A couple of weeks ago, Nathalia left the following question in the comments of my post:
I’ve begun reading / following a few of the main ancestral health proponents but I must say the more I get into it the more I’m getting confused about paleo vs. primal vs. Whole30 vs. I don’t know what. Would be interested to hear your take on it…. as long as you tell me I can still eat cheese
You might not like the answer, at least where it comes to the cheese. (Fair warning!)
I’ll start off with Primal, and if you’re going to do it properly, you should head over to Mark’s Daily Apple, as Mark Sisson is pretty much the source for the Primal methodology via his book, The Primal Blueprint. I’ve noticed that some people gravitate towards Primal since it is a bit more liberal with certain things, particularly dairy. Ruth broke down some of the differences back in her post from 2010, although there are likely some updates to that topic in the almost four years since it was written. At it’s core, Primal encourages basing your meals around a protein source, lots of vegetables, good fats and adding some fruit and nuts to top things off. It also is based around eliminating grains and sugars.
Paleo has many definitions, depending on who you ask. This is largely why I refrain from using the term, as people have gone too far afield with how they interpret its meaning. At the core, Paleo is based upon the theory that our ancestors did not exhibit many of the modern diseases we now see. From there, it was hypothesized that emulating the eating patterns of our ancestors may alleviate those illnesses. Now you’ve probably heard this before, but this has actually worked for a number of people as anecdotal evidence. There have been some studies to look at various factors of the Paleo diet, such as eliminating gluten, but very few, if any, have focused on having people strictly on a Paleo diet. Boiling it down to the basics, it will sound familiar. Paleo encourages eliminating all grains, dairy and sugars, basing your meals around lean protein sources, lots of vegetables, good fats and adding some fruit and nuts. They also encourage avoiding legumes, which includes beans and peanuts, due to the potentially inflammatory lectins contained within.
There are a few areas where people tend to go wrong with Paleo. One is when they think they need to dress as a caveman, eat their meat raw, or shun utensils. If you think this, please stop. You’re being ridiculous. Another misstep is when people use the argument that anything available to a caveman is therefore fine to eat in unlimited quantity. Keep in mind the avoidance of sugars and quit with the arguments that honey or maple syrup are okay because they’re “natural”! Lastly, and somewhat related, is when they focus on converting desserts and snacks to “Paleo-friendly” recipes. Whole9 had a recent post on their Facebook page to this topic:
…we’re not the only ones who think the widespread focus on Paleo treats does the ancestral health community overall a disservice. People don’t need help making more desserts – they need help making consistent, sweeping changes to their lifestyle that fosters success with their goals, vibrant health and surprising amounts of happiness. If you write a blog or share recipes, we challenge you to write more everyday recipes, publish more tips for shopping or saving food dollars or finding quality animal products in your neighborhood. If there was never another Paleo recipe ever published, there would already be more than you could ever eat in your (healthy) lifetime.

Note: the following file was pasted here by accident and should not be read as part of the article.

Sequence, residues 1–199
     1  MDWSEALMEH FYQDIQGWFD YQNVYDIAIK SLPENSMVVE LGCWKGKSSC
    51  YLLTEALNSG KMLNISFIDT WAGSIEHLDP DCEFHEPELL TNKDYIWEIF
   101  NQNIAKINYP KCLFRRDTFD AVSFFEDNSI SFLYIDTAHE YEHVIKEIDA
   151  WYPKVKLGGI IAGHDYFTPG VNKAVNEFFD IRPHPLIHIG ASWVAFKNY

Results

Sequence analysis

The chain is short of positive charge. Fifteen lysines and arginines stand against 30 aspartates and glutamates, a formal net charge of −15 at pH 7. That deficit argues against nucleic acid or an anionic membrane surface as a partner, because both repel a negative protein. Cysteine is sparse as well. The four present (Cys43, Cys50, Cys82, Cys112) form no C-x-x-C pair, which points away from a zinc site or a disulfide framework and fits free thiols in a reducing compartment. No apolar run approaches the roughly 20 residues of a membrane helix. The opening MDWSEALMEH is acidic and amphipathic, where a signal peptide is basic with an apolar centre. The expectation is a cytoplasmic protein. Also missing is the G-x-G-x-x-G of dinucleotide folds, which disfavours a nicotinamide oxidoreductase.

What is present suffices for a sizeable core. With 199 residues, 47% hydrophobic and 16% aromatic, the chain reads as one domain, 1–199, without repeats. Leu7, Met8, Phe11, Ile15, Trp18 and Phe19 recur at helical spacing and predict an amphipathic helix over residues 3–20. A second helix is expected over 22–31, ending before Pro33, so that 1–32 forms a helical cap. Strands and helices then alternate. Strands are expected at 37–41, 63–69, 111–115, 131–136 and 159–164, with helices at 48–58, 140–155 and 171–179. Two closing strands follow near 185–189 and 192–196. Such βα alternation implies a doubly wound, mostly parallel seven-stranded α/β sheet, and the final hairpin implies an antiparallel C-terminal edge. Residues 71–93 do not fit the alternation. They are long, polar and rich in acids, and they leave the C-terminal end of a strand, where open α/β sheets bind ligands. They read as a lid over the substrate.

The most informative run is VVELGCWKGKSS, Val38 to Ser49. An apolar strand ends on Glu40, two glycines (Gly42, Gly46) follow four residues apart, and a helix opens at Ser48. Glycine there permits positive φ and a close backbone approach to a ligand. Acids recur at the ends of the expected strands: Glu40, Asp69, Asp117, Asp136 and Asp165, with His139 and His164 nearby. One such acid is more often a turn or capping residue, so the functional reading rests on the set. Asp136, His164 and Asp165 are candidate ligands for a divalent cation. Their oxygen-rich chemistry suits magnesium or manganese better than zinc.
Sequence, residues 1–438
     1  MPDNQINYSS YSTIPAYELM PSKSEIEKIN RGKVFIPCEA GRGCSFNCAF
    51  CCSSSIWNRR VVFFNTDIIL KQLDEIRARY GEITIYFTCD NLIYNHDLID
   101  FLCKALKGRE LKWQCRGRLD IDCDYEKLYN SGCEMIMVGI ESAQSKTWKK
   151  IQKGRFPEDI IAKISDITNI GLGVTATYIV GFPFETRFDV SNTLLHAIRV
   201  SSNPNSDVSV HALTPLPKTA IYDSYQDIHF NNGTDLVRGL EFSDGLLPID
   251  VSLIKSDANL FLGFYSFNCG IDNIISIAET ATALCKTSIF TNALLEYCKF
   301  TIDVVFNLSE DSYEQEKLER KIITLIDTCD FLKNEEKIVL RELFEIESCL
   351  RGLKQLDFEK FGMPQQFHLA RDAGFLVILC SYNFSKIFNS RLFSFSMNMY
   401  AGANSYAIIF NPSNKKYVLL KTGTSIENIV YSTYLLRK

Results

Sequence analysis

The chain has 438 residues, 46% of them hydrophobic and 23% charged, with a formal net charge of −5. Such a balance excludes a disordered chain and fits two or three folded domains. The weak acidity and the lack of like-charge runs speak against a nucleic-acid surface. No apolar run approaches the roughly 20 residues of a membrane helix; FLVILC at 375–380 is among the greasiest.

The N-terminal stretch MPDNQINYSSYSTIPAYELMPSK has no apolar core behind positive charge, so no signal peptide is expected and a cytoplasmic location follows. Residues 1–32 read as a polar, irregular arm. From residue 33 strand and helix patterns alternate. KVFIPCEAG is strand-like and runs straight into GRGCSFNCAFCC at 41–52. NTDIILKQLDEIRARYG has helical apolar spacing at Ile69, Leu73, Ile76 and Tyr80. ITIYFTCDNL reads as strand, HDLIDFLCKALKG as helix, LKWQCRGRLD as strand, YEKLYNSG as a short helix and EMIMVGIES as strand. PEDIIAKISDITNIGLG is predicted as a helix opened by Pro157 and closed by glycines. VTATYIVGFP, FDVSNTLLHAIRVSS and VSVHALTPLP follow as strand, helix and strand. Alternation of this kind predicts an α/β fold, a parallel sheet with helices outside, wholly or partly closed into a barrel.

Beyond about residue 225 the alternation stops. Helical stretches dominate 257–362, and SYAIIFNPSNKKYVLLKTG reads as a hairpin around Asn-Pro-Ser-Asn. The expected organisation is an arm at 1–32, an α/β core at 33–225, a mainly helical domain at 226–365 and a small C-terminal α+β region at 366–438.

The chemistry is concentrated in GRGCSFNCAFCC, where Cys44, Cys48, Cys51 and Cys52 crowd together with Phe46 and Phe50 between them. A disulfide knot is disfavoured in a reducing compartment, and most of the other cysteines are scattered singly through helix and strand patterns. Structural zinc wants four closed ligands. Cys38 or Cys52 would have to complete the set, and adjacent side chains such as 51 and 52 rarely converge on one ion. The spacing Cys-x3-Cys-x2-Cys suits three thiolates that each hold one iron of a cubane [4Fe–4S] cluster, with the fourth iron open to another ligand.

I’ll close by talking about Whole9 and their Whole30 program. Almost a year ago, we at Intrepid decided to become a Whole9 Nutrition Partner. This is because of all the various sources available, Whole9 makes the entire approach to food very comprehensible and easy to implement. We like the Nutrition Guide they put together and we are proud to distribute it to new Intrepids when they have nutrition questions. Last year prior to the Nutrition Challenge, I put on a seminar and we handed out the guide to all attendees. If you’re an Intrepid regular who didn’t get a copy and want one, please let one of the trainers know!
Whole9’s criteria for food is based on whether it meets their 4 Good Food Standards. I’m going to sound like a broken record, but this ends up being based around protein, lots of vegetables, good fats and occasional fruit and nuts. Sounds pretty familiar, doesn’t it?
During the Nutrition Challenge, when people told me they were going to follow the Whole30, then transition to Paleo, I wondered if they knew what they were talking about. As you can see, the two should be identical, but maybe they were thinking of a definition of Paleo where honey and maple syrup were allowed?
Speaking of Nutrition Challenges, mark your calendars now. The 2014 Nutrition Challenge will be starting in January 2014. More details to come…
Max Height Box Jump
10 Thrusters (95/65)
10 Hang Power Cleans (95/65)
50m Partner Carry
Athlete does thrusters while partner does hang power cleans. Both will run out to street, perform partner carry 50m, switch and return.